High energy prices, depressed consumer sentiment, Fed tightening, and negative feedback from the bear market certainly suggest a recession on the horizon (or is already here).
How much of that possible downturn is already “priced in” is unknown.
Therefore the key is determining what REITs will sustain earnings growth and which are likely to stall or produce less cash flow than expected. Thankfully, pricing power is what we tend to focus on anyways.
Regardless, it’s probably prudent to be a bit defensive today with above average exposure to recession-resistant sectors such as medical office, manufactured housing, apartments and infrastructure, which is exactly what we’ve done.
A small part of our outperformance this year is attributable to our active underweight of the office sector. It’s small because office REITs only make up about 4% of the REIT index.
As of today we have zero exposure to traditional office and were at one point short ~5% office in Q2 (via several coastal office REITs). This was a profitable strategy that we use sparingly given this is an income focused fund.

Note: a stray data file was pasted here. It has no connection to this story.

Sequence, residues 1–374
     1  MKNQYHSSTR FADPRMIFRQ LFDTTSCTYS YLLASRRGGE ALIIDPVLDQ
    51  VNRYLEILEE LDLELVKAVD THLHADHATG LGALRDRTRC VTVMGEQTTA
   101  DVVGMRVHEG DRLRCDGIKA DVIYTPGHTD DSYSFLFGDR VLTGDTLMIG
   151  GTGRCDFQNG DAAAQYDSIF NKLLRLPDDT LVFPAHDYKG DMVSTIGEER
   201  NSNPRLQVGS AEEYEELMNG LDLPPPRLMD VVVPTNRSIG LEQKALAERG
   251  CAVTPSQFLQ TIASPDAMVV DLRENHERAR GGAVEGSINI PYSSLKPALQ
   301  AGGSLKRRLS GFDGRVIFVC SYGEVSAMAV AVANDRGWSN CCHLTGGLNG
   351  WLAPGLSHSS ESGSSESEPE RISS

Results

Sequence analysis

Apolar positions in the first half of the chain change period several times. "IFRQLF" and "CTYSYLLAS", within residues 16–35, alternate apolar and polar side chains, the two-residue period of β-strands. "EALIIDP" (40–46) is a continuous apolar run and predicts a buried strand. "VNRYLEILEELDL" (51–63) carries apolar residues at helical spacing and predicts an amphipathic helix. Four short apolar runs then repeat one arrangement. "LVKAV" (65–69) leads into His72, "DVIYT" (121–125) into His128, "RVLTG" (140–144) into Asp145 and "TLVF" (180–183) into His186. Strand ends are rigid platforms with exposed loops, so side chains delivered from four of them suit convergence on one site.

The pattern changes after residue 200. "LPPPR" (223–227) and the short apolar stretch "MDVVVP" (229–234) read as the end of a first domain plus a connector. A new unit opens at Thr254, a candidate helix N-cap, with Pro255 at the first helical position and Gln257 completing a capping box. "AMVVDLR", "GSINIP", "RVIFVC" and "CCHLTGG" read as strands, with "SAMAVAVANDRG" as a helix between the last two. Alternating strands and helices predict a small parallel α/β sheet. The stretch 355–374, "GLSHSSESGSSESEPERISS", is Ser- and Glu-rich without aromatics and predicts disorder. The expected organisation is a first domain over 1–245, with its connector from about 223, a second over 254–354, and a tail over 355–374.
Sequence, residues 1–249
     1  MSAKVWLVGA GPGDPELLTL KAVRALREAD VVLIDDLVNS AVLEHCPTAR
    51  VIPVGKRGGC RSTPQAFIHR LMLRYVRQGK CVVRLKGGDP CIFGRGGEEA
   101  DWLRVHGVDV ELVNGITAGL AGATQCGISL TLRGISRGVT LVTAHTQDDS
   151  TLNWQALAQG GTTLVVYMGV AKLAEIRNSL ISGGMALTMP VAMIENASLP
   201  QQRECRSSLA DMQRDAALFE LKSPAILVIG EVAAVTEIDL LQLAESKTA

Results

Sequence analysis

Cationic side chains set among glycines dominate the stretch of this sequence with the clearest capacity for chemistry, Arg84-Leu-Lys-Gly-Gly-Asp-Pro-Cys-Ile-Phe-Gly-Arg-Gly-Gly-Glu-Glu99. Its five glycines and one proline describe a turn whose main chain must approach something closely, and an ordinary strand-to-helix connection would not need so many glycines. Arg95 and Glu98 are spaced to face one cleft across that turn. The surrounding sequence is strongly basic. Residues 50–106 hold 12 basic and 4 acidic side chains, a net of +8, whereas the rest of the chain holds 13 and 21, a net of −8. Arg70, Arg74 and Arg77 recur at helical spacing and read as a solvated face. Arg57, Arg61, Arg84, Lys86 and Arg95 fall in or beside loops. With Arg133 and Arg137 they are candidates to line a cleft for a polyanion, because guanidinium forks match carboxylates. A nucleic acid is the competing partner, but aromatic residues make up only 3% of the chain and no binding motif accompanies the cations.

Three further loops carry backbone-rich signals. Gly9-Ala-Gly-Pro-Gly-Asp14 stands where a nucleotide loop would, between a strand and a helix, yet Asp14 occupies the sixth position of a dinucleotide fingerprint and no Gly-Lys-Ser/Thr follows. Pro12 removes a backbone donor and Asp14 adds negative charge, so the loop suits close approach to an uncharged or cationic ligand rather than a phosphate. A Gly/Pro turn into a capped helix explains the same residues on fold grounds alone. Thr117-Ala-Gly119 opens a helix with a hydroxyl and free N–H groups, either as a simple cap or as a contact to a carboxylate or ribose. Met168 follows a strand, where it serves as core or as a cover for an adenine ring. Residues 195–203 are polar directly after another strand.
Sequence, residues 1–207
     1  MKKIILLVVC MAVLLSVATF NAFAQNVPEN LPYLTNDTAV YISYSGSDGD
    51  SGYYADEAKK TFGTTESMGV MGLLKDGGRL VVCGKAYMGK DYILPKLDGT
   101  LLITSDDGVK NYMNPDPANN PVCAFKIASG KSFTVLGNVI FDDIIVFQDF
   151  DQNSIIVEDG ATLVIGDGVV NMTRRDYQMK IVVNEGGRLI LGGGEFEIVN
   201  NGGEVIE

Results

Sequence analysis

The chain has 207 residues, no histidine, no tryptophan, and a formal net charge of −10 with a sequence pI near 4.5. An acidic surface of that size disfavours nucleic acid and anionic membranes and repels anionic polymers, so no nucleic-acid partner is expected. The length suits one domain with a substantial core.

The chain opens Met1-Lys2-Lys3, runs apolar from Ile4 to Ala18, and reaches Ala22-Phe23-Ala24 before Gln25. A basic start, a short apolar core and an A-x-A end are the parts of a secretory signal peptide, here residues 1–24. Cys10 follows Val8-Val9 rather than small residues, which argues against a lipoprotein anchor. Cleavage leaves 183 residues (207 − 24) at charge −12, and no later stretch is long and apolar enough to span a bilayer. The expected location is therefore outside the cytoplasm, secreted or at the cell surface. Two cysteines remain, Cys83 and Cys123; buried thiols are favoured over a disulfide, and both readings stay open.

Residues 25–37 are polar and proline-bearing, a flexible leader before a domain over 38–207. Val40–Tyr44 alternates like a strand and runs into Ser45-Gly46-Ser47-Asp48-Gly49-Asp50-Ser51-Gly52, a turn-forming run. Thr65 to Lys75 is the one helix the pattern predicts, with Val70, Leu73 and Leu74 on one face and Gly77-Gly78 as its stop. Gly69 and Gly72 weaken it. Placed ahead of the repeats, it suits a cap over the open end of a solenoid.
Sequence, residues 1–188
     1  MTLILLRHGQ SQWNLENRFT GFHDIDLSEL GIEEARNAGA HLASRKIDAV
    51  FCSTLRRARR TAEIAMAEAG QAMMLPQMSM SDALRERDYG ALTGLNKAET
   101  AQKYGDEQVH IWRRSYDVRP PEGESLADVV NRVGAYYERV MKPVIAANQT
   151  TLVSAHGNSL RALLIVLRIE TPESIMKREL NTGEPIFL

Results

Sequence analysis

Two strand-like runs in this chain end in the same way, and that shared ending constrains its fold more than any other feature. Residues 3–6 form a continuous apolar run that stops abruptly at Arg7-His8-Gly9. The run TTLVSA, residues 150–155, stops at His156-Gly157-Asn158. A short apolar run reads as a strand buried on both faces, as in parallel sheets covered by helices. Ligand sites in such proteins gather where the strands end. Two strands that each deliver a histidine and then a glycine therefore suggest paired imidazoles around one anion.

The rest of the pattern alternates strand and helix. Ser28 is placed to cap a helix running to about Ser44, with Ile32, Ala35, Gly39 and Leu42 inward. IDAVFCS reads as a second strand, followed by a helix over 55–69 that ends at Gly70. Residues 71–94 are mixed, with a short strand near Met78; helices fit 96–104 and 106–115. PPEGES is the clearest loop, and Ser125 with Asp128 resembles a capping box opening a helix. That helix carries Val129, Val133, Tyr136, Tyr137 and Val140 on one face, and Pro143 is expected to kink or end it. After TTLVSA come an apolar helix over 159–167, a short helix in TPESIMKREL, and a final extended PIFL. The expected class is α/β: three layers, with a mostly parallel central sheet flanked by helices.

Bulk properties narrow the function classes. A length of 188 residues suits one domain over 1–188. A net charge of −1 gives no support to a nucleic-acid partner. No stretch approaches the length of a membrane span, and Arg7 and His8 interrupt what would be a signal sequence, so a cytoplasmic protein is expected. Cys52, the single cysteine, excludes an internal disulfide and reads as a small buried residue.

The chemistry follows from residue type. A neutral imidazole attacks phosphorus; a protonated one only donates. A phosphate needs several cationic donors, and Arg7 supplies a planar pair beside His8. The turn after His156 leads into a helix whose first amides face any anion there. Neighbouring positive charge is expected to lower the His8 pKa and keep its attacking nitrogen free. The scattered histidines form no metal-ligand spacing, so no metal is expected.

Of course, this was not a difficult call for anyone tracking office attendance and talking to leasing brokers and property owners.
Office availability is exploding. More than 200 million square feet of office space has become available since the end of 2019 while the number of office-using employees (most of who are still working from home) has been roughly stable at ~21 million.
The world has put COVID in the rearview. Attendance at restaurants, sporting events and even airports is almost back to normal.
Yet office attendance is a sad 44% according to Kastle Systems, an office security firm with employee keycard access data.
If unemployment increases meaningful (which the Fed seems to want), the power dynamic could shift back to employers. This may or may not jolt employees back to the office. Regardless, WFH is ideal for many roles and plenty of employers seems to be embracing it. Therefore, it seems probable that February 2020 could have been “peak office”.
The public markets are starting to reflect that viewpoint. The average office REIT is now down 25% for the year and is trading at an effective 7% cap rate. Several NYC office REITs are at ~9% cap rates. Ouch.